Remarks at the 2nd AmCham Business Forum Lunch

Ambassador Bell delivers her remarks. (Embassy photo by Attila Németh)
Ambassador Bell delivers her remarks. (Embassy photo by Attila Németh)

– as delivered –

Madam Ambassador, President Pongrácz, Ms. Lippai-Nagy, Mr. Benkő, ladies and gentlemen.  Good afternoon and thank you for welcoming me to this second iteration of the “Dual Ambassadors’ Chat!”

It is a great pleasure for me to be able to share the stage once again with my good friend Reka Szemerkényi under the auspices of the American Chamber of Commerce in Hungary.  We both now have a year of experience as ambassador.  I am sure it is the same with Ambassador Szemerkényi, but I can say for sure that I’ve learned a lot over the last 12 months.  When we last were all together, I had just returned from attending a plant expansion of the American aluminum manufacturer Alcoa.  Since then, I’ve had the pleasure of attending quite a few plant expansions and new investment announcements.  For example, I’ve attended the openings and expansions at the audio equipment maker Harmon Kardon, General Motors/Opel, GE Lighting, and also had the opportunity to visit one of America’s oldest manufacturers, National Cash Register (also known as NCR) to celebrate the production of their 300,000th ATM.  It’s been enjoyable and demanding, and I am pleased to see how successful these U.S. companies have been in the Hungarian market.

It is abundantly clear that the U.S. and Hungary have a robust commercial relationship, but business can always expand, and one of my goals during my second year here is to see that happen.

Coming up in 2016, we have several chances to highlight Hungarian options for U.S. businesses.  The first is in April in Germany at one of the world’s largest trade shows: Hannover Messe.  This year, for the first time, the United States is the partner country at this industrial goods, services, and technology show.  The U.S. Commercial Service will provide a match-making service for delegates from other countries, and I would like to lead a group of Hungarian companies to attend this show to meet their counterparts from the United States.  Our Commercial Service Officer and Office are recruiting Hungarian companies to travel to this show, either to exhibit or just for networking with some of the 200 or so U.S. companies that will be exhibiting there.

We are also recruiting Hungarian companies to attend the SelectUSA Summit in June in Washington, D.C.  This event is designed to attract companies from all over the world who are looking to invest, develop a joint venture, or raise venture capital.  Last year, over 2,700 companies, business service firms, and economic development organizations from all over the world attended SelectUSA in Washington.  We expect an equal amount this year and I hope to lead a group of Hungarian companies to this event.  It’s first come, first served!  Dale Wright, the chief of our Commercial Service Office, is your main point of contact if you would like to register.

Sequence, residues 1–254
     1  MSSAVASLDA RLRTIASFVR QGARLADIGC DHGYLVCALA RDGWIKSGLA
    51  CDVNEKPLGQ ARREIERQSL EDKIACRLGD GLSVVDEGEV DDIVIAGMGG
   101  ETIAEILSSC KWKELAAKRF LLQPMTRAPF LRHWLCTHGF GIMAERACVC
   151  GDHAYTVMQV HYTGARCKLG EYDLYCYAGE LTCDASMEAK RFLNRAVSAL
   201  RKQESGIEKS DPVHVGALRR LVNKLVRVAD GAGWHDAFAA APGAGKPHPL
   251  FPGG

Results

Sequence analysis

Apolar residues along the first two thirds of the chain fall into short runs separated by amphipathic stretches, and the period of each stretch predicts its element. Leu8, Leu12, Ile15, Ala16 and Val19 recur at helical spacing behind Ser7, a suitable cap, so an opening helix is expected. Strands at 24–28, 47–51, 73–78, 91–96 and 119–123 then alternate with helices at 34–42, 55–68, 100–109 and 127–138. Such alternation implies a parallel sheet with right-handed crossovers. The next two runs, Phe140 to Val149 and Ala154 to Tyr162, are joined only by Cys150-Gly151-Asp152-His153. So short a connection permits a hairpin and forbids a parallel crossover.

We are working with both HIPA and the Hungarian Trade House on both of these events.

Finally, during my tenure here, I’ve had the opportunity to meet with many of the largest U.S. firms doing business in Hungary and it has given me great perspective on the challenges and opportunities of doing business here.  This year, I would like to also concentrate on the newest generation of Hungarian entrepreneurs.  We will work with the Hungarian Government and other entities to help them develop their skills, find venture capital, and partner with American companies so Hungarians can build more robust companies.  Toward that end, I’d like to take a small group of such companies to Silicon Valley.  The contacts I have there, combined with the assistance of our Commercial Service, means we can put together a fantastic, high-tech trade mission that would be beneficial to both Hungarian and American companies.

While we have strong commercial relationships, I continue to believe this relationship can significantly improve if we remove impediments and disincentives to doing business.  As I have mentioned on many occasions, corruption remains a serious problem in the region.  President Obama referred to corruption as the single greatest barrier to prosperity and a profound violation of human rights.  The World Economic Forum Global Competitiveness Survey shows that in Hungary, businesses identify favoritism and diversion of public funds as a major concern.  Thus, we will continue to work with the Hungarian Government, civil society, and business leaders to promote transparency, accountability, and business practices that increase opportunity for commerce and prosperity for all of its citizens.

Both Hungary and the United States have ambassadors who promote our commercial relationship.  The biggest initiative to expand bilateral trade—one on which the United States and European Union are cooperating—is, of course, TTIP.  I’ve talked a lot about TTIP and we all know there are stumbling blocks, but hurdles aside, and I know we’ll get through them, these kinds of trade treaties have proven a huge economic development boon around the world.  Free trade has been the mechanism that has lifted millions out of poverty since WWII.

And Minister Szijjarto has said on multiple occasions, TTIP will create 20,000 to 30,000 new jobs in Hungary.  I hope Europe will seize the opportunity to complete this treaty.  This treaty is important, and I want to emphasize that the United States greatly appreciates Prime Minister Orban and Minister Szijjarto support for TTIP.

So these are just some of the plans and opportunities we have in the works for 2016.  I expect to be very active this year.  I want to ensure that our bilateral commercial relationship keeps growing for many, many years to come and I am committed to that.

Köszönöm szépen.